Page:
Original Research ARTICLE
Genome Wide Phosphoproteome Analysis of Zymomonas Mobilis under Anaerobic, Aerobic, and N2-Fixing Conditions
- 1University of Wisconsin-Madison, United States
- 2Great Lakes Bioenergy Research Center (DOE ), United States
Protein phosphorylation is a post-translational modification with widespread regulatory roles in both eukaryotes and prokaryotes. Using mass spectrometry, we performed a genome wide investigation of protein phosphorylation in the non-model organism and biofuel producer Zymomonas mobilis under anaerobic, aerobic, and N2-fixing conditions. Our phosphoproteome analysis revealed 125 unique phosphorylated proteins, belonging to major pathways such as glycolysis, TCA cycle, electron transport, nitrogen metabolism, and protein synthesis. Quantitative analysis revealed significant and widespread changes in protein phosphorylation across growth conditions. For example, we observed increased phosphorylation of nearly all glycolytic enzymes and a large fraction of ribosomal proteins during aerobic and N2-fixing conditions. We also observed substantial changes in the phosphorylation status of enzymes and regulatory proteins involved in nitrogen fixation and ammonia assimilation during N2-fixing conditions, including nitrogenase, the Rnf electron transport complex, the transcription factor NifA, GS-GOGAT cycle enzymes, and the PII regulatory protein. This suggested that protein phosphorylation may play an important role at regulating all aspects of nitrogen metabolism in Z. mobilis. This study provides new knowledge regarding the specific pathways and cellular processes that may potentially be regulated by protein phosphorylation in this important industrial organism and provides a useful road map for future experiments that investigate the physiological role of specific phosphorylation events in Z. mobilis.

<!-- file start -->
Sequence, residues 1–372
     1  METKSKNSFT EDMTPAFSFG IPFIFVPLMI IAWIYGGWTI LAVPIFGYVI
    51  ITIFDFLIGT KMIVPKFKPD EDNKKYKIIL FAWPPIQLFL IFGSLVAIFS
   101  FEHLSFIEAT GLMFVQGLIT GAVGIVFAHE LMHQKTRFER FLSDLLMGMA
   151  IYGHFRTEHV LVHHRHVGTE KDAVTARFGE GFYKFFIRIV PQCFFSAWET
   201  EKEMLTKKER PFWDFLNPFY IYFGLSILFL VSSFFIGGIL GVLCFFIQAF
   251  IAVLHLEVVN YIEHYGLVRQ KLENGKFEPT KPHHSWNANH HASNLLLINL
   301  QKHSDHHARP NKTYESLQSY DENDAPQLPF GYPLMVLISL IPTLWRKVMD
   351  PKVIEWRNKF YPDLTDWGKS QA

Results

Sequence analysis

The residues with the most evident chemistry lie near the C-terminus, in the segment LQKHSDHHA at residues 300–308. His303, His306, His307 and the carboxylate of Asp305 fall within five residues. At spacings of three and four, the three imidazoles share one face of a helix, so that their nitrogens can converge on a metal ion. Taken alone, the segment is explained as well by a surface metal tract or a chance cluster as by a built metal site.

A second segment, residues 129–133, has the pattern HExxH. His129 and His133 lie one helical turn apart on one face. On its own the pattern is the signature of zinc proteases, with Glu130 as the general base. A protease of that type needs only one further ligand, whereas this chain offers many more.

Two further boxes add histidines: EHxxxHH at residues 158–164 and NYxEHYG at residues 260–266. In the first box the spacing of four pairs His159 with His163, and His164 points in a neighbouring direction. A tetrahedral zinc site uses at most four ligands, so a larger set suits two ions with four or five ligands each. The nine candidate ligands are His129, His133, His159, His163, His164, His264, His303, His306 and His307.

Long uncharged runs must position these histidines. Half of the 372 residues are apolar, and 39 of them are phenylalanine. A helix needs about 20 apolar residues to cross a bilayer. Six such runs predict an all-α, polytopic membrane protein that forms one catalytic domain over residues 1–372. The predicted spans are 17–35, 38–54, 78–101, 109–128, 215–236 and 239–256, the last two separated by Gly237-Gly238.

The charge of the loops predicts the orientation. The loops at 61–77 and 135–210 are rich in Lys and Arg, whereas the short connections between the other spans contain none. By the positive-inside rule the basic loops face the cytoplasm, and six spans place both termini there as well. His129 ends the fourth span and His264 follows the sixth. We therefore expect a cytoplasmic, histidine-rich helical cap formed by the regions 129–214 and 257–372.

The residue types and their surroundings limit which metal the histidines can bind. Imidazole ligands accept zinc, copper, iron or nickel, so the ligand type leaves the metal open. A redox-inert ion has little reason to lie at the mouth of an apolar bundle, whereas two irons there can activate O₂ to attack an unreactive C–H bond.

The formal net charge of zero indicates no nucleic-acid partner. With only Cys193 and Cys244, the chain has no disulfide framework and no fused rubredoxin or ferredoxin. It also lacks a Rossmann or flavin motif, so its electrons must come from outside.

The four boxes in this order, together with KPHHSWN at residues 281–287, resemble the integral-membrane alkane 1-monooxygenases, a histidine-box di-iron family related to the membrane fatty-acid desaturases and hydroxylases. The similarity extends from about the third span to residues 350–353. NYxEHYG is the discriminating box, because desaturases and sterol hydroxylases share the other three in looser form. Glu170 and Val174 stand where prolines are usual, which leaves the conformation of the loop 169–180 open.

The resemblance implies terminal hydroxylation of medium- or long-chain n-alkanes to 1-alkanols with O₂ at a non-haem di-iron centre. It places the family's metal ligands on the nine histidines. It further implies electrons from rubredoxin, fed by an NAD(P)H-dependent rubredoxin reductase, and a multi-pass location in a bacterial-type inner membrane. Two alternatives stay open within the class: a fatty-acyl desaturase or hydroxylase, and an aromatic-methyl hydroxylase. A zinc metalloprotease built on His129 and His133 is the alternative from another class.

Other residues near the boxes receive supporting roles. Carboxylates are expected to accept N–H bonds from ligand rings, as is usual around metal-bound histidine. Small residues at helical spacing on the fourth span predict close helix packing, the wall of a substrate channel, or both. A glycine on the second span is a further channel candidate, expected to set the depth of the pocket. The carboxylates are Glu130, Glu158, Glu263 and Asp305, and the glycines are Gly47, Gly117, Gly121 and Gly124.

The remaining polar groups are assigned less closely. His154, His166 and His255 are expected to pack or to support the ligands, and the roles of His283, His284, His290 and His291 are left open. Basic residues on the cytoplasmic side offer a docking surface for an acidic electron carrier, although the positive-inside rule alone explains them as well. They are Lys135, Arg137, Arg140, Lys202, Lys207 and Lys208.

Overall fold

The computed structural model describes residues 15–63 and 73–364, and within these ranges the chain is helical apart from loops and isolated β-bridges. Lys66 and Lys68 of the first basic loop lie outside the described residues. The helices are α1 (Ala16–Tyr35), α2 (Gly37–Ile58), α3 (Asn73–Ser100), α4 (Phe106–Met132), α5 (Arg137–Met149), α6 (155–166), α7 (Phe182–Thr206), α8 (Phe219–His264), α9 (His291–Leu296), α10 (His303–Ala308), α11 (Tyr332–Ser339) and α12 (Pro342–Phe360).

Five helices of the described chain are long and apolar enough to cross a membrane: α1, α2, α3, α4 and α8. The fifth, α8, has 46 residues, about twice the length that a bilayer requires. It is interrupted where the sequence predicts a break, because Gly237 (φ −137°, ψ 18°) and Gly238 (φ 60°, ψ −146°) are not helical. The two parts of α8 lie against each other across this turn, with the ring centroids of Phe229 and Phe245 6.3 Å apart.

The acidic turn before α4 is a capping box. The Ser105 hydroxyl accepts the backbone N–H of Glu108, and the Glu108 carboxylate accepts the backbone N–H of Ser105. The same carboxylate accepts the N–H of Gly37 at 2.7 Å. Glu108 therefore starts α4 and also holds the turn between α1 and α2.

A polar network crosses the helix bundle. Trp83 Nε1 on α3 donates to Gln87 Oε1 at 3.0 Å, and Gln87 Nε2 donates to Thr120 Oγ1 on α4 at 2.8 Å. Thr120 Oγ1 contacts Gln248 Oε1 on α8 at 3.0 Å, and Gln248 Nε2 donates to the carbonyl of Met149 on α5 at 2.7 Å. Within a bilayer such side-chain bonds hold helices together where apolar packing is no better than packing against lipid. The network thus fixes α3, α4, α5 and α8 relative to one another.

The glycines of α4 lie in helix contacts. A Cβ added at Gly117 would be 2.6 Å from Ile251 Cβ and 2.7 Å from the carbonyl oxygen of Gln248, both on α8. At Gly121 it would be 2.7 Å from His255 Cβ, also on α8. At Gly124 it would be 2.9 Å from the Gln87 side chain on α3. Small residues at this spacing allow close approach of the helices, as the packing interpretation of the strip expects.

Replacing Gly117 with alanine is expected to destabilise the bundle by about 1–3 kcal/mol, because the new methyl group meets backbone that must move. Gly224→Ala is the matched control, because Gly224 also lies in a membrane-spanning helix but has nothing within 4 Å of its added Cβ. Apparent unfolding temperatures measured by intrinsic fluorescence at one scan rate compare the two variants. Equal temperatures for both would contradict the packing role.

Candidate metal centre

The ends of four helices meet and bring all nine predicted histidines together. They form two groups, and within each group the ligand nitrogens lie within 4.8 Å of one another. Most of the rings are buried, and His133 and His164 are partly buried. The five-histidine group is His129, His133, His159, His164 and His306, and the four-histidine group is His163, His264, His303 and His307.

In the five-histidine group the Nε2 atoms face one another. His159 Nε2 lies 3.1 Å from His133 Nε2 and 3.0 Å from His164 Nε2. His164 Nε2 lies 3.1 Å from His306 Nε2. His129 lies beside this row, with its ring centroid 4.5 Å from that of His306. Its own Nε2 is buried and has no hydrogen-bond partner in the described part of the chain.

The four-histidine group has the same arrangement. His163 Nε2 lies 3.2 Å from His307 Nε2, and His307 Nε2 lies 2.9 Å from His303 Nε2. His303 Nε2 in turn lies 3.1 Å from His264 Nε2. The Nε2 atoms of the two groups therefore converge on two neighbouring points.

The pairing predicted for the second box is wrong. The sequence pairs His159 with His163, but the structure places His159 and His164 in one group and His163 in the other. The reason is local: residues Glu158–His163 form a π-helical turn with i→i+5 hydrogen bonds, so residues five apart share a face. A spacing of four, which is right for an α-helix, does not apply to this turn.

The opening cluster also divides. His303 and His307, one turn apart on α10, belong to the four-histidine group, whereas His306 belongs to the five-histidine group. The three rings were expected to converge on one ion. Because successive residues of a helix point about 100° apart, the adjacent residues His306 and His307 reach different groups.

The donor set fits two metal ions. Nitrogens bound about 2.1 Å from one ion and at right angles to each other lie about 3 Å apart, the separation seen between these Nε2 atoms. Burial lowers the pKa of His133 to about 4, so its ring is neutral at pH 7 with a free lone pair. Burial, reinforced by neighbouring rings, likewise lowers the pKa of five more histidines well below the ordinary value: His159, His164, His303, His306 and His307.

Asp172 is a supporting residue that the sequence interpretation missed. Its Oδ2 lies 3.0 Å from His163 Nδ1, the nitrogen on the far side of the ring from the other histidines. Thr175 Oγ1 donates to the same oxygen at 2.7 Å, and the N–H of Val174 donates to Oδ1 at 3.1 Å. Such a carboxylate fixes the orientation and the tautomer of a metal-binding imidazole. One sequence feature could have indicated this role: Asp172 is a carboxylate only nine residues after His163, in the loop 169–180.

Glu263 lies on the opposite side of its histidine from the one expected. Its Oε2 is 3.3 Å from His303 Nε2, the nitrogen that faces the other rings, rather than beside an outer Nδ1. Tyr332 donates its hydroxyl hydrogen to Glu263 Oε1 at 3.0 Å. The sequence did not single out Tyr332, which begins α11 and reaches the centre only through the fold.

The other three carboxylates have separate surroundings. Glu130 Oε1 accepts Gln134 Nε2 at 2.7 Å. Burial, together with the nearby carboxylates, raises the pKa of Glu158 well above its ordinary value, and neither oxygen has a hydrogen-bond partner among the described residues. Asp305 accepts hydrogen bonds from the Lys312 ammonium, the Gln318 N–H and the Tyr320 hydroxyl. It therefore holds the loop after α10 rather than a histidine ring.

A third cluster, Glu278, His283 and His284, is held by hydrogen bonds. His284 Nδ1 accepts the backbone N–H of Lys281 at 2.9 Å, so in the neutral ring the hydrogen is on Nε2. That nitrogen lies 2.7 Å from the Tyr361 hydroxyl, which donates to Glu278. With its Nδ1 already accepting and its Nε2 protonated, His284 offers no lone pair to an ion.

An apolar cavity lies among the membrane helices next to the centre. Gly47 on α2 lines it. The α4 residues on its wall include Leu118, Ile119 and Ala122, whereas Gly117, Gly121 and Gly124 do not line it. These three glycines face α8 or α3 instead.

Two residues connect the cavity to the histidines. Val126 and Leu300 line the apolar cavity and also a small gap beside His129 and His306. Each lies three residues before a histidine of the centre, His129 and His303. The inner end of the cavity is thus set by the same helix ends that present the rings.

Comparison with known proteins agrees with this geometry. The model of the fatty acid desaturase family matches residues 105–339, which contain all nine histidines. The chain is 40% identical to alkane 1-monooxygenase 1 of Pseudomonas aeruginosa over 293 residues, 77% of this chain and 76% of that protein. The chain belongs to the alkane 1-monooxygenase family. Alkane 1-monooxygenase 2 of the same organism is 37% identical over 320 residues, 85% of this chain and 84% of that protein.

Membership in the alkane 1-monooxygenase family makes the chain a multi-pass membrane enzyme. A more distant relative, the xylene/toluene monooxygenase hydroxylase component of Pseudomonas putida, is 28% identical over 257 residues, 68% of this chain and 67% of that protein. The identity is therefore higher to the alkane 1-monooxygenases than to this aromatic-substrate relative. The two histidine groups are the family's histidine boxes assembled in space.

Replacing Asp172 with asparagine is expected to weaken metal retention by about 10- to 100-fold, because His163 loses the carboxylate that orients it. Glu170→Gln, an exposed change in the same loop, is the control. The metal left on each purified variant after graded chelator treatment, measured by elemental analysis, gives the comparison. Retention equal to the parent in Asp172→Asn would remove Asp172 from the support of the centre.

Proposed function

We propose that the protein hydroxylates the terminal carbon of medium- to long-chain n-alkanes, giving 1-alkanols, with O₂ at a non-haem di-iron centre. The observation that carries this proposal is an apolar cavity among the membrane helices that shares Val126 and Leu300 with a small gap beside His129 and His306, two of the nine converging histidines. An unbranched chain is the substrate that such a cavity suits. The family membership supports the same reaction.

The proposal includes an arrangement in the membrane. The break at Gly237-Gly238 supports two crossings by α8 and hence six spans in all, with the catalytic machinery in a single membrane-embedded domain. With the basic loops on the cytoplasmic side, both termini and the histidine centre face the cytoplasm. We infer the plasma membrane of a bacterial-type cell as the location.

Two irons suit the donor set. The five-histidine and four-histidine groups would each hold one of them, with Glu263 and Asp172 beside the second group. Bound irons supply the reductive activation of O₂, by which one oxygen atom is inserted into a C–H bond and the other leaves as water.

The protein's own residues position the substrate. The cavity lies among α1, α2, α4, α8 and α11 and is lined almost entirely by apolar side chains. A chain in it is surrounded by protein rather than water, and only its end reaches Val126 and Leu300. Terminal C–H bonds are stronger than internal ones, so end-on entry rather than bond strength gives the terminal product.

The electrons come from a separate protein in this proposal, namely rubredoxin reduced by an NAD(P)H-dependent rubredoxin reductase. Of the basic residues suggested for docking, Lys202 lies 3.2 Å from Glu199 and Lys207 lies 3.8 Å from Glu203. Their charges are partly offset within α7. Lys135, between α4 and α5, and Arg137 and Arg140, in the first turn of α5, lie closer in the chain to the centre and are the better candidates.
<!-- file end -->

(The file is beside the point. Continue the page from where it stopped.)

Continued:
Keywords: Zymomonas mobilis, Protein phosphorylation, Nitrogen Fixation, phosphoproteome analysis, Mass spectrometry - LC-MS/MS, Entner Doudoroff pathway
Received: 04 Jun 2019;
Accepted: 13 Aug 2019.
Copyright: © 2019 Tatli, Hebert, Coon and Amador-Noguez. This is an open-access article distributed under the terms of the Creative Commons Attribution License (CC BY). The use, distribution or reproduction in other forums is permitted, provided the original author(s) and the copyright owner(s) are credited and that the original publication in this journal is cited, in accordance with accepted academic practice. No use, distribution or reproduction is permitted which does not comply with these terms.
* Correspondence: Dr. Daniel Amador-Noguez, University of Wisconsin-Madison, Madison, 53715-1149, Alabama, United States, email@example.com